When he says ‘The Bible is mistaken in attributing the actions to God that it does’, he really is saying that the Bible is an unreliable witness to the truth about God’s will, actions and intentions, much in the same way that Strauss, Schleiermacher and Harnack did. To that extent, he represents a position that most evangelicals have been working against for the last 200 years.
The reason for this is that I think it is very hard to reconcile a ‘revisionist’ position with a persuasive reading of Scripture, even though many people are trying to do this. Much more persuasive is the position of the biblical scholar and ‘revisionist’ Luke Timothy Johnson:
The task demands intellectual honesty. I have little patience with efforts to make Scripture say something other than what it says, through appeals to linguistic or cultural subtleties. The exegetical situation is straightforward: we know what the text says. But what are we to do with what the text says?
I think it important to state clearly that we do, in fact, reject the straightforward commands of Scripture, and appeal instead to another authority when we declare that same-sex unions can be holy and good.
And a good number of others agree. Whether you think this is right or that my observation about the nature of the debate is true, it is clear that Chalke’s public position on the Bible is a long, long way from the EA statement of faith:
We believe in…
3. The divine inspiration and supreme authority of the Old and New Testament Scriptures, which are the written Word of God—fully trustworthy for faith and conduct.
The statement also sets out a Relationships Commitment which includes:
3. We respect the diversity of culture, experience and doctrinal understanding that God grants to His people, and acknowledge that some differences over issues not essential to salvation may well remain until the end of time.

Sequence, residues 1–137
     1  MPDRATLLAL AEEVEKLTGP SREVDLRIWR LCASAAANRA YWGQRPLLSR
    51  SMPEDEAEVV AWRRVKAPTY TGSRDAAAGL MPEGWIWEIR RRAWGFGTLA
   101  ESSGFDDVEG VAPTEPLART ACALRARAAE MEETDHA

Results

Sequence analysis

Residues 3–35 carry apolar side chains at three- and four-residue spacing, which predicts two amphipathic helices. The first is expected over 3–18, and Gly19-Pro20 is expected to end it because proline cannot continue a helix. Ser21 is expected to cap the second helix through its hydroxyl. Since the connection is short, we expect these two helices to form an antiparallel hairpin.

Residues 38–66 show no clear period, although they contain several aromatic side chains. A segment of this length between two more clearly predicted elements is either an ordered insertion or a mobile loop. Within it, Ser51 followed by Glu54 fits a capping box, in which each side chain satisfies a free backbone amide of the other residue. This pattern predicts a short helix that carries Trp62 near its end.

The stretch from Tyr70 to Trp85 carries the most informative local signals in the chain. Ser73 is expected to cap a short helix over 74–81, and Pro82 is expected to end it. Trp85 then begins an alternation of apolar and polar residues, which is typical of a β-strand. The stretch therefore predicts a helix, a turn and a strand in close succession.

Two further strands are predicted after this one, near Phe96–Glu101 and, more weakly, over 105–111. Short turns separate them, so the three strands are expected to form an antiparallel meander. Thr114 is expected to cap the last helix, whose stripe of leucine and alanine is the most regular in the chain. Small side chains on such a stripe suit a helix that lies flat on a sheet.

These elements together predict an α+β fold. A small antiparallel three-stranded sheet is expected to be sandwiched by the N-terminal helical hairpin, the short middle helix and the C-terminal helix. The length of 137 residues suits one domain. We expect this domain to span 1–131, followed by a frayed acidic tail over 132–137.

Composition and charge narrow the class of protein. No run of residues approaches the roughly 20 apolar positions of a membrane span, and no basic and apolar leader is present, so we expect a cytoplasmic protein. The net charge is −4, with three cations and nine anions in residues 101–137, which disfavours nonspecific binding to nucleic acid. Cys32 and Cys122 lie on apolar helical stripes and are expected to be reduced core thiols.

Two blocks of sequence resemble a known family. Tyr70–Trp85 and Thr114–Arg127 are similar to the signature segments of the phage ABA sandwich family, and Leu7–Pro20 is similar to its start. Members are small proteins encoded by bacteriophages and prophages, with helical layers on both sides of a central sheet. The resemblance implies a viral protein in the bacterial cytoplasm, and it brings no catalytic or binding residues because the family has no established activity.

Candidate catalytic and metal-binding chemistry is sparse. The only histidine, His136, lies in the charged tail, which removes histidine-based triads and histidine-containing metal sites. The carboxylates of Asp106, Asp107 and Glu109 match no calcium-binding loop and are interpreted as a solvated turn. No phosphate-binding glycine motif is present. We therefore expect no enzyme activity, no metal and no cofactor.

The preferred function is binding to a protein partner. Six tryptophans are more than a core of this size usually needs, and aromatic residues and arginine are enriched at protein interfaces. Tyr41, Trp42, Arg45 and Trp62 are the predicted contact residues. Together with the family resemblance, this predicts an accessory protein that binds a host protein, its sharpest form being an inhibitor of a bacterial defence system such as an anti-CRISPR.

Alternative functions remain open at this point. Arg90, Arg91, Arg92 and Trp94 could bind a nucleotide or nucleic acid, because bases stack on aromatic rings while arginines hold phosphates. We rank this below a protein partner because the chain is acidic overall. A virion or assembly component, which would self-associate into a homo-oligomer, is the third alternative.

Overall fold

But given the way the same-sex issue is connected to the status of Scripture—and, more explicitly, Chalke’s own statements on the unreliability of Scripture—it is hard to see how this overrides the affirmation of Scripture in the statement of faith.
As usual, the most marginalised voice in all of this is that of Christians who experience same-sex attraction but who believe that the church’s ‘traditional’ teaching on marriage and sex is correct. Sam Allberry, who has contributed to the Living Out website, comments:
Today’s announcement from the EA is less about a particular stance on homosexuality than it is an affirmation of what Christians have always believed about the Bible – that it is God’s clear and good word for us all. Their statement will be a great encouragement to the many of us who experience same-sex attraction and yet who hold to the classic biblical understanding of human sexuality. I’m thankful for their leadership and care in what must have been a hard decision. We need to hold to what has always been defining for evangelicals – the ‘evangel’, the good news of Christ’s invitation to all broken and weary people to find true rest and satisfaction in him.
EA’s action here will certainly not make it popular. But could it be that it is actually offering a thought-through response and demonstrating consistent commitment to its position, even though that does not go down well in wider society? If so, is this not something the church needs to be doing a little more often?